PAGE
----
Natchez native works to preserve history, culture of city

Published 12:34 am Sunday, September 2, 2007

As New Orleans works to put itself back together, a Natchez native is leading the effort to ensure its history and culture aren’t lost in the process.

Burl Salmon moved to New Orleans two months ago after being named director of development and outreach for the Historic New Orleans Collection. Salmon, the son of the late Walter and Virginia Salmon, said the institution is dedicated to the study and preservation of the history and culture of New Orleans and the Gulf South region.

The Historic New Orleans Collection, a museum, research center and publisher, comprises over two miles of documents and 350,000 photographs, prints, drawings, paintings and artifacts. It was founded in 1966 by Louisiana collector Gen. L. Kemper Williams and his wife as a way to keep their personal collection intact and available to the public.

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Salmon was living in Washington, D.C., when he heard about the job opening in New Orleans.

“It was almost serendipity,” he said. “We weren’t planning to come, but New Orleans was rebuilding, so we decided to be a part of it.”

Salmon said post-Katrina New Orleans is vastly different than the city he frequently visited while living in Natchez.

“Everything is different,” 35-year-old Salmon said. “A lot of the businesses just aren’t there anymore. There are fewer people, the streets are less crowded.”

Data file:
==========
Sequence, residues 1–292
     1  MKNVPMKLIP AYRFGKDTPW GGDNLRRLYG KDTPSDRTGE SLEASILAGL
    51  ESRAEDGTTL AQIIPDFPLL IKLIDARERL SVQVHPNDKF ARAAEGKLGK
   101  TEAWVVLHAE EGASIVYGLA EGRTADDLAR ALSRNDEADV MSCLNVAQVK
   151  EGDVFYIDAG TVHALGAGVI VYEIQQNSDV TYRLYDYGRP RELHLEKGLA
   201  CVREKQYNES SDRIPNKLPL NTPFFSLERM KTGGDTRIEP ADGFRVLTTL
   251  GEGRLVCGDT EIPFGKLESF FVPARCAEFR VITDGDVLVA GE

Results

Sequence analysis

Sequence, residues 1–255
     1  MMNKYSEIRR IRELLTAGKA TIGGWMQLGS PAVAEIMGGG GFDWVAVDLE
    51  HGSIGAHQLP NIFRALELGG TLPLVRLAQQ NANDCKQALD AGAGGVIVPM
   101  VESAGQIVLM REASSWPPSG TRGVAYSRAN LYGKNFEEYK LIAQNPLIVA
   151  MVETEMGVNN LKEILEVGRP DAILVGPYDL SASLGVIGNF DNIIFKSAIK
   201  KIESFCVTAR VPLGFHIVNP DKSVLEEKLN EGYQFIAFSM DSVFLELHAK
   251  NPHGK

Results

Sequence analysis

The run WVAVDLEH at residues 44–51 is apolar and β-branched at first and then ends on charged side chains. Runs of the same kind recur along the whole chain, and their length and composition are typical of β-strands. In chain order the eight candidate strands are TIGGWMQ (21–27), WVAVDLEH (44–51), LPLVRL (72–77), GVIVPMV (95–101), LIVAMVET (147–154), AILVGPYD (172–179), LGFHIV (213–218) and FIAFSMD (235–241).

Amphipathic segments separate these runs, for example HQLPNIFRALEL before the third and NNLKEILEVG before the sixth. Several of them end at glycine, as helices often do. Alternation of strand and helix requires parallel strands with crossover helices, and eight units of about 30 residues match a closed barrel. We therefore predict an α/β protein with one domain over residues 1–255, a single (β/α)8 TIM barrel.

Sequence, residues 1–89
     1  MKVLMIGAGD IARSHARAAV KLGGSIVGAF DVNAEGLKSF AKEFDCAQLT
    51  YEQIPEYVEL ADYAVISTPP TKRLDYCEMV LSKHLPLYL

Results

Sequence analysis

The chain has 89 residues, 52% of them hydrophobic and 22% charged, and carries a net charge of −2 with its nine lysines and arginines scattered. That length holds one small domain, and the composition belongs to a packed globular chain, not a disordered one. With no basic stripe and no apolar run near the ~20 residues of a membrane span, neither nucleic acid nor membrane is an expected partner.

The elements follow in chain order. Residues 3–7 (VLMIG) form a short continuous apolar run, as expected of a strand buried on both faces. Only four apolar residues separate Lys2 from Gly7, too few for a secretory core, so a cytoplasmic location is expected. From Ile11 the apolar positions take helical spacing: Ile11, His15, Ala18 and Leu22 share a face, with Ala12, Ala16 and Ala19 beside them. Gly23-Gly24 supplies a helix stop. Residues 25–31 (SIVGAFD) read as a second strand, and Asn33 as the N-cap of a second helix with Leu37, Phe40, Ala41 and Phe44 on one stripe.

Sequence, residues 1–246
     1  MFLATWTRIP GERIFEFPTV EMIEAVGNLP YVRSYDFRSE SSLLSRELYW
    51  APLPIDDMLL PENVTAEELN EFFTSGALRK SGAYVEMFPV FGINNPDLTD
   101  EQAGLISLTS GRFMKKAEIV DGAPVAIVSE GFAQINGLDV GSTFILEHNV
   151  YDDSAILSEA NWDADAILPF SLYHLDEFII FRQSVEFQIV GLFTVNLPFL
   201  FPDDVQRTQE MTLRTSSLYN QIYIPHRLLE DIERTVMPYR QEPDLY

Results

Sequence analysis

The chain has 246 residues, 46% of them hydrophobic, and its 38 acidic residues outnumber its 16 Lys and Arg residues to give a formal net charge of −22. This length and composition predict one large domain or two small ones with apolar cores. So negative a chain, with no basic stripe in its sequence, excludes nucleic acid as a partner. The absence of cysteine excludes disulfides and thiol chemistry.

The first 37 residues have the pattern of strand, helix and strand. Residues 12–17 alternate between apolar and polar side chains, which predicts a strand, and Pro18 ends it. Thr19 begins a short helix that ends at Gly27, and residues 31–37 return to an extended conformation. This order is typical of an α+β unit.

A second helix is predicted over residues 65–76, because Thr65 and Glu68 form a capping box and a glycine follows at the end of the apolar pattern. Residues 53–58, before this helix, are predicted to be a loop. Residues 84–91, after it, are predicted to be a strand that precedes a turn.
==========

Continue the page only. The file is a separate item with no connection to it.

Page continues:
Two years after the devastation, Salmon said some neighborhoods are still completely demolished and uninhabitable.

“The recovery effort is slower than anyone could have imagined it to be,” he said. “It’s bringing to surface a lot of problems the city already had — from political corruption to race relations. We are making progress, but it’s slow.”

The Historic Collection has partnered with schools, musicians and educators to help with the recovery effort.

“I absolutely believe it is our job to help with the effort,” Salmon said. “It’s my job to work with the community.”

The institute’s museum was the first in the city to reopen after the hurricane.

“We have a mission to represent the city, state and region to the outside world,” he said. “Nothing was going to stop us.”

Despite his efforts to help with the recovery, Salmon said he doesn’t yet feel like a true New Orleanian.

“You can’t be a true New Orleanian if you didn’t live through the storm,” he said. “To say that I am would be unfair.”

Salmon said he has no plans of leaving New Orleans anytime soon. “We moved here and we’re committed to the city,” he said.